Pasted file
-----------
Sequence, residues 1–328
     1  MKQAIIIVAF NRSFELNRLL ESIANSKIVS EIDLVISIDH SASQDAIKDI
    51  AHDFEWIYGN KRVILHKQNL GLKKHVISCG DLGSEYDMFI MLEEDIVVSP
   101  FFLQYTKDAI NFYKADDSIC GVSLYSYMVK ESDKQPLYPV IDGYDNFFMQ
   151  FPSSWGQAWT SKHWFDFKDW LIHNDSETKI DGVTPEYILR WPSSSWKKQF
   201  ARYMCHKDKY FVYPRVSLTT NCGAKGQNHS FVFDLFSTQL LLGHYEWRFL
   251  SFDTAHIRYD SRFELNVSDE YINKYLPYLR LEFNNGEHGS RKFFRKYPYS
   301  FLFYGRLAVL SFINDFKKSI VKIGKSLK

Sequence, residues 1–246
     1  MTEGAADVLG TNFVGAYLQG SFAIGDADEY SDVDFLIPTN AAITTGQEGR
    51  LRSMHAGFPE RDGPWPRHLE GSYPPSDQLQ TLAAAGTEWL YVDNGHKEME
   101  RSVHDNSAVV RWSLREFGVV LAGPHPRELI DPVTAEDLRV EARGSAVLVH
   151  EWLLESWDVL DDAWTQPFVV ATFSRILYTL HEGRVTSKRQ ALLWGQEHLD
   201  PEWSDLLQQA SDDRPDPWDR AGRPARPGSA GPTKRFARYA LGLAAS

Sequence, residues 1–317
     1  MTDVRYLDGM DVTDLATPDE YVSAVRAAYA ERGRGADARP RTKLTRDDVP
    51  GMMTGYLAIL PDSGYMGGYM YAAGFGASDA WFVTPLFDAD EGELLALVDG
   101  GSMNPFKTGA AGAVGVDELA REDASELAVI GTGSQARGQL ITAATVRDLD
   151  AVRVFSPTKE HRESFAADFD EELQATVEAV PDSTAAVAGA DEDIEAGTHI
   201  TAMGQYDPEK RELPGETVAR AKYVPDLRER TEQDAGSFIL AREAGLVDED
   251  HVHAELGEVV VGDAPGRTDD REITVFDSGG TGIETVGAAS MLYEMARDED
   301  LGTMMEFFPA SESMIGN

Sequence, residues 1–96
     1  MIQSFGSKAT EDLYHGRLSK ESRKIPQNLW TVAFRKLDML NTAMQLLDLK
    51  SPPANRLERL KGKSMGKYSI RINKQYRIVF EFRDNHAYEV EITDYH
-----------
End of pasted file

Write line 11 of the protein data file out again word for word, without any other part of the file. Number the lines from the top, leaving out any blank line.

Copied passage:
    51  LRSMHAGFPE RDGPWPRHLE GSYPPSDQLQ TLAAAGTEWL YVDNGHKEME